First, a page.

The result set of any query will only return results that match the query. But will it return ALL the matching results? That is the concept of query completeness, referred to here as query integrity. 100% query integrity for a result set is defined as a state in which the result set contains all the objects in the 5800 system that match that particular query. The 5800 system is not always in a state of 100% query integrity. Various system events can induce a state in which the set of objects that are available for query is smaller than the total set of objects stored in the archive. Each query result set supports an operation (isQueryComplete) whereby the customer application can ask, once all the results from the query result set have been processed, whether that set of results constitutes a complete set.
The format of records as stored in the reliable and scalable object archive is not suitable for fast query. To enable searching, the queryable fields from the metadata are indexed in a query engine that can provide fast and flexible query services. The query engine is basically an SQL database. This is why the 5800 system's query language can borrow so heavily from SQL. At various times, the data as indexed in the query engine can get out of date compared to what is stored in the archive. When this happens, query result sets are not known to be complete until the contents of the query engine can be brought back up to date with the actual contents of the archive again.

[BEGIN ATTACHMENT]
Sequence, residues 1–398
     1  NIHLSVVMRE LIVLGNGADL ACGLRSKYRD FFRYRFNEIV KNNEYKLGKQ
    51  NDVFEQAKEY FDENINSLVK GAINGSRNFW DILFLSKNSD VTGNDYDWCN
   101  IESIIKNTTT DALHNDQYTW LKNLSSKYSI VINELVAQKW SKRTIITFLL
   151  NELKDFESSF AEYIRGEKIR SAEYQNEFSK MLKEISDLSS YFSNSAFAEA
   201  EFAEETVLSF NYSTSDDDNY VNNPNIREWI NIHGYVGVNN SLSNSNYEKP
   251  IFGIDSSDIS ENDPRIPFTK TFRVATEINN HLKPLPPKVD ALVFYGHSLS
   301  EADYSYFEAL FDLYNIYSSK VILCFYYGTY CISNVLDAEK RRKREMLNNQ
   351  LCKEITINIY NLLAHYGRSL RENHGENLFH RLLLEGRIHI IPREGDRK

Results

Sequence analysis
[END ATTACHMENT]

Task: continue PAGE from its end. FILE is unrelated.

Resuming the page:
The 5800 system concept of query integrity as actually implemented is somewhat looser than that of 100% query integrity. Even if a query result set indicates the result set is complete, the 5800 system allows certain objects, known as store index exceptions, to be missing from the query result set, as long as those exceptions were communicated to the customer application at the time the object was stored.
A store index exception is an object for which the original store of the object into the archive succeeded, but at least some part of the insert into the query engine (database) did not succeed. The object may or may not show up in all of the queries that it matches. A store index exception is communicated to the customer application at the time of store by means of a method SystemRecord.isIndexed. A value of false from isIndexed means that the object is not immediately available for query.
A store index exception is said to be resolved when the object becomes available for query. The checkIndexed method can be used to attempt to resolve a store index exception under program control. The checkIndexed operation checks if the object has been added to the query engine, and attempts to insert it if the object has not been added. If the insert into the query engine succeeds, the object is thereby restored to full queryability.
All store index exceptions will also eventually be resolved automatically by ongoing system healing. Each query result set also exports a method getQueryIntegrityTime that can be used to get detailed status on which store index exceptions might still be unresolved. The query integrity time is a time such that all store index exceptions from before that time have been resolved. There is an “ideal” query integrity time, which is the time of the oldest still-unresolved store index exception: an ideal implementation when asked for the query integrity time would always report this ideal value. In actual implementation, the reported query integrity time might be hours or even days earlier than the ideal query integrity time, depending on how far the ongoing system healing has progressed.